Project 331 is taking shape.. It’s taken me a whole year since I first started thinking (and blogging) about it to really get on board and make it a regular pattern of life..
As I said in my first post on the topic, I’m not really following the proper rules and have adapted them even further (made them easier) for my own purposes, but it’s working well now. For several months I lived with both of the rails shown in the picture above full of clothes, but not all being worn. Now I’ve sorted and folded the remainder into the two big crates you can see above, labelled:
- Summer / Holidays
- Spring / Autumn & Winter
So I now have 33 items of clothing I am currently wearing sitting on the rails, but I haven’t included accessories or shoes in that number any more. Also, the standard gym/sports clothes, PJs don’t count in the number. Adding work clothes into this mix has made it more challenging.
I must admit that in addition to this wardrobe, I also have a cupboard storing shoes, suits and other out of season clothes that need hanging up, a chest of drawers with my underwear, sports clothes, PJs and accessories in, and another cupboard with a stack of evening dresses in. (Oh and a dirty linen basket.)
However, having removed the excess clothes from these rails (that form the basis of my daily clothes decisions) has made such a difference that choosing what I am going to wear the next day is now easy-peasy.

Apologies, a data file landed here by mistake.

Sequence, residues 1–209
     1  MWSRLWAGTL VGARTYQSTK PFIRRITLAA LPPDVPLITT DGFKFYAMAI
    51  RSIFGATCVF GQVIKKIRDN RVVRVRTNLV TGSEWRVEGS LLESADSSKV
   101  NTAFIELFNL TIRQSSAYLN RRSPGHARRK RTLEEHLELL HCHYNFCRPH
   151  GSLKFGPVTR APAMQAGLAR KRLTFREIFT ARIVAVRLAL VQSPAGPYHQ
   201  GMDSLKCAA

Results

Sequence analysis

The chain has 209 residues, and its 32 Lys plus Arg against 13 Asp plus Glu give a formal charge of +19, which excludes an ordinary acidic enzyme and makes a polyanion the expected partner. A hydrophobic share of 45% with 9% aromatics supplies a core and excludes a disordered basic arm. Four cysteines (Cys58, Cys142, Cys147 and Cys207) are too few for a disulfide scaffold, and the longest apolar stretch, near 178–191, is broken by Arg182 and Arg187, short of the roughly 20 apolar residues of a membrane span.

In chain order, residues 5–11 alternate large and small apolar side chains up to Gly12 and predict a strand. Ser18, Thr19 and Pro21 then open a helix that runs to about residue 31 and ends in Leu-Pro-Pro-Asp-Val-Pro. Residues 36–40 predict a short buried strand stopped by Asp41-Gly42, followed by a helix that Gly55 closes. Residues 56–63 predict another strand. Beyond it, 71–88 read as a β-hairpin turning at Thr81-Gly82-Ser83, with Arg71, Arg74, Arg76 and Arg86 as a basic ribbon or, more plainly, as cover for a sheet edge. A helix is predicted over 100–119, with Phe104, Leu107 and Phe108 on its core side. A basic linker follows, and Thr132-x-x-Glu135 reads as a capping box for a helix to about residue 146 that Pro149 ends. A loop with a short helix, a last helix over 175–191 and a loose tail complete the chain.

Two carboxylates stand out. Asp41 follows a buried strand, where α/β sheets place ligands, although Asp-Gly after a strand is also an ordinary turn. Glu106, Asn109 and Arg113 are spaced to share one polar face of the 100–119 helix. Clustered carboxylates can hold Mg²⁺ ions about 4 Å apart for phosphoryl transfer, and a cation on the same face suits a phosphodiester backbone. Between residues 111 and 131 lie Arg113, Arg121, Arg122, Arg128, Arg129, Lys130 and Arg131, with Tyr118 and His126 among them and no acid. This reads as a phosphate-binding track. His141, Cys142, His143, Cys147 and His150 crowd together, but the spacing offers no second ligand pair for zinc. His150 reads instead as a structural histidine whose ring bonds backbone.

Several months ago, I had a goal to minimise my wardrobe. It worked quite well and I was pleasantly surprised at how well I managed to dress with a smaller range of clothing. This is an especial surprise given my lack of ability to instinctively tell what goes with what. Then I got a job and that put the suits amongst the pigeons and the discipline round the wardrobe dissolved.
My recent post explains how decluttering isn’t really a priority right now, and so I have decided to try a pants experiment. (For those of you not ofay with British humour, pants means knickers in the UK, and is also used to mean “rubbish” or “not that great” – i.e. “I’m having a really pants day!”)
Anyway, the gist of all of this is that I have alot of underwear I don’t wear and I reckon I could live with less. But how do I tackle this without risking running out of pants? In order to figure it out, I have emptied my underwear drawer into a storage box. As clean pants make it back to my underwear drawer I will only dip into the storage box if the drawer is empty. After a few weeks l can throw away any sets of underwear I haven’t worn..
Once that’s done I might venture to carry out the same experiment with socks!
I have been hitting the books at least one day every weekend, and on as many evenings as I can manage, since the New Year. This has been combined with a very busy period in a new job, and together these things have taken up much of my time and my brain space.
The pile of stuff in the spare room is still calling me, begging to be listed on ebay or given to a charity shop, but I am relentlessly sticking to the view that it is not a priority. We will find out in the next month or so when our next house move is likely to happen, and this makes the pile of stuff nag even louder, as I can’t bear the thought of having to pack it all to move to the next place. But, it is still not a priority.
I’ve thought several times in the last few weeks that it’s an odd to be writing a minimalist blog, whilst telling myself that decluttering is not a priority. I also have ambitions to restart a project on my wardrobe, and my chest of drawers, and most definitely the study.
But as well as studying for my exams, we have a business to shut down before the end of the financial year. These things are more important right now than spending time clearing my stuff, so I’m keeping my minimalism focused on my spare time activities – making sure I’m doing the things that are most important.